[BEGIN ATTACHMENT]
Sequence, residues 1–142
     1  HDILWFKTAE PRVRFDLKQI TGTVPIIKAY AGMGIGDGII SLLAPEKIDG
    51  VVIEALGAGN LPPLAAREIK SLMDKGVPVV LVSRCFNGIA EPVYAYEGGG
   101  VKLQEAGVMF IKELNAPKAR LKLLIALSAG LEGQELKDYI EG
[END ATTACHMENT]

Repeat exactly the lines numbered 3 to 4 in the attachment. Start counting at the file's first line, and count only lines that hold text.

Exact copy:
    51  VVIEALGAGN LPPLAAREIK SLMDKGVPVV LVSRCFNGIA EPVYAYEGGG
   101  VKLQEAGVMF IKELNAPKAR LKLLIALSAG LEGQELKDYI EG